Getting pre-approved for a mortgage is a wise decision whenever you are looking for a home. It needs you to go through the majority of the processes required for a full-fledged mortgage application in order to determine how much home you’re likely to be able to afford—and how much lenders will allow you to borrow in order to do so. This is how the procedure works.
What Exactly Is a Mortgage Pre-approval?
A mortgage pre-approval is a document issued by a lender that informs a home seller how much money you are authorized to borrow to purchase a home. Furthermore, a mortgage pre-approval usually reveals the type of mortgage loan you qualify for as well as the interest rate the lender would charge you if you completed a mortgage application. The pre-approval document expresses the lender’s view that your mortgage application will be approved based on the income and credit information you’ve provided.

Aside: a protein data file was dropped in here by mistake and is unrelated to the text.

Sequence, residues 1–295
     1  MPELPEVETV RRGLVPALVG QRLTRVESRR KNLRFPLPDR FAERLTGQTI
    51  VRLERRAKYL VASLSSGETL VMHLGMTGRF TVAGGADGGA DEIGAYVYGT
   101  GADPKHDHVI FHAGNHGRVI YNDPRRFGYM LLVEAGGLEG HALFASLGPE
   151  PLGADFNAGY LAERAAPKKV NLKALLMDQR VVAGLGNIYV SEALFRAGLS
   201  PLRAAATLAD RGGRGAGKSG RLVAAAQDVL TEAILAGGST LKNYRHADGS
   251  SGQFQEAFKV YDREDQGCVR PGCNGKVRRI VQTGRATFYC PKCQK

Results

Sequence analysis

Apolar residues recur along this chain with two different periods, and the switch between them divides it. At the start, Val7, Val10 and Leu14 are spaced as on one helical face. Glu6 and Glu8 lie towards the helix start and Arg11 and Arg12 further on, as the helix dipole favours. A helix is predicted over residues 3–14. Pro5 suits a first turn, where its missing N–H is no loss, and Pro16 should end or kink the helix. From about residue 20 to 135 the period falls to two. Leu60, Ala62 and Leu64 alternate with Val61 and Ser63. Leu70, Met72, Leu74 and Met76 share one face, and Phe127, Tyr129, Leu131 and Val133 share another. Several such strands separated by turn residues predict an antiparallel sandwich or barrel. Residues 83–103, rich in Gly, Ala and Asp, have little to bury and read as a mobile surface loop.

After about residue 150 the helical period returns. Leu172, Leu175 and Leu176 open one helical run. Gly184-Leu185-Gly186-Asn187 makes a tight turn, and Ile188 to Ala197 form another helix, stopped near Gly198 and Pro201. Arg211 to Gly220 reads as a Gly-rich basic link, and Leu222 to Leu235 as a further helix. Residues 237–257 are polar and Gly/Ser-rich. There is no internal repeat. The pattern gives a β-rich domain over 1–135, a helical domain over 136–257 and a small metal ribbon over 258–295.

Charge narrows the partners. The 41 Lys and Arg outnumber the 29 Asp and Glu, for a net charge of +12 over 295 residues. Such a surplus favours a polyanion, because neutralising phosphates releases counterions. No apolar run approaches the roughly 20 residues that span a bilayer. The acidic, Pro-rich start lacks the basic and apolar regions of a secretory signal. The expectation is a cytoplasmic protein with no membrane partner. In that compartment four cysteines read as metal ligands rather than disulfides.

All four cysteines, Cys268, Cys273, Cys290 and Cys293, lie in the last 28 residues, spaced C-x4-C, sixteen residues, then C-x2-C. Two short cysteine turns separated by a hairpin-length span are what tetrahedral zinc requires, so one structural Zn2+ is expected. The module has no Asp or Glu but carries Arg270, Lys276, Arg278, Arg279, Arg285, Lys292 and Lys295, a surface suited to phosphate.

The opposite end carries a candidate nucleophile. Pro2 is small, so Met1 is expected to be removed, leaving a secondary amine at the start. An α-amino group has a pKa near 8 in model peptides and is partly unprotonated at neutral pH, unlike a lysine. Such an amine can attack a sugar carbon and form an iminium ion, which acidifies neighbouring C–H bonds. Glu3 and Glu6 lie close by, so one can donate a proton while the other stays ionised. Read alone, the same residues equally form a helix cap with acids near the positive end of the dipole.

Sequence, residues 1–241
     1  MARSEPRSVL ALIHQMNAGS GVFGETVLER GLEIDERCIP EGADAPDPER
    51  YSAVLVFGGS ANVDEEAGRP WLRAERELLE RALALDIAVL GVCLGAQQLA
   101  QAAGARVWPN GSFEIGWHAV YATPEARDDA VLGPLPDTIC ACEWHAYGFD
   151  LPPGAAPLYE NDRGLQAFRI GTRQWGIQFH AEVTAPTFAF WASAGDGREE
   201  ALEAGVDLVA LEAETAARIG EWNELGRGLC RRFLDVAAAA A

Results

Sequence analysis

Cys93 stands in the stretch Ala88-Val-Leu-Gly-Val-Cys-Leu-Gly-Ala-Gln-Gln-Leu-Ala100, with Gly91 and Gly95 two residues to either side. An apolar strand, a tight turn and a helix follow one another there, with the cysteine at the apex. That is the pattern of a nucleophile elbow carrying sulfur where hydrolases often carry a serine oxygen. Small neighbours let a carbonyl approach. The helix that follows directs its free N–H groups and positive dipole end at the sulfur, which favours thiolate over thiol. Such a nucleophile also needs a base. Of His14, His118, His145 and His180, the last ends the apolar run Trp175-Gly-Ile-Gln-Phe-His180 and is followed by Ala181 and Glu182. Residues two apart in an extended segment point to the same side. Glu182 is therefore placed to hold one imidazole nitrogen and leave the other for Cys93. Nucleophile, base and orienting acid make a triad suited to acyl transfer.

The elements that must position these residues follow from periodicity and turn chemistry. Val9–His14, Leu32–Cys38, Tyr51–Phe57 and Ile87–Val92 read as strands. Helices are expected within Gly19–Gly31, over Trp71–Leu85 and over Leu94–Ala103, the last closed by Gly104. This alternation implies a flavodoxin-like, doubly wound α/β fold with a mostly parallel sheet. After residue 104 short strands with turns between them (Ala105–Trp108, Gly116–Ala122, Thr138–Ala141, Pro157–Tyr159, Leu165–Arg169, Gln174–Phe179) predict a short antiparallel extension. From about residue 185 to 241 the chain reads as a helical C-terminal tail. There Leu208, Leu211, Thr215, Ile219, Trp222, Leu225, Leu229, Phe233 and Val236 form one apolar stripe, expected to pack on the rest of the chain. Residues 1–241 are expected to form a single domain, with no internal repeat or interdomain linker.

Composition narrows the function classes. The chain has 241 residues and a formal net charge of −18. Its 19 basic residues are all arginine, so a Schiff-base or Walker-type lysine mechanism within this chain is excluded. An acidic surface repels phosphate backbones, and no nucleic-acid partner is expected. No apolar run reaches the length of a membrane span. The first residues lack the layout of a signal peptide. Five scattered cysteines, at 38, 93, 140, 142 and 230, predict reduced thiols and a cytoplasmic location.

The information needed for a mortgage pre-approval is the same as the information needed for a mortgage loan application. In fact, requesting pre-approval is the same as requesting a mortgage loan: Your personal details, credit history, credit score, income, assets, obligations, tax returns, and employment history will be reviewed by the lender. It also requires you to give a lender permission to look at your credit score and credit report from one or more of the three national credit bureaus (Experian, TransUnion, and Equifax).
What Is the Difference Between Mortgage Pre-approval and Prequalification?
When looking for a mortgage, you’ll most likely come across a process known as mortgage prequalification, which should not be confused with mortgage pre-approval. After answering a few simple questions about your income, assets, and obligations online or over the phone, mortgage prequalification offers an estimate of how much money you may be qualified to borrow—but no data on interest rates, fees, or the like.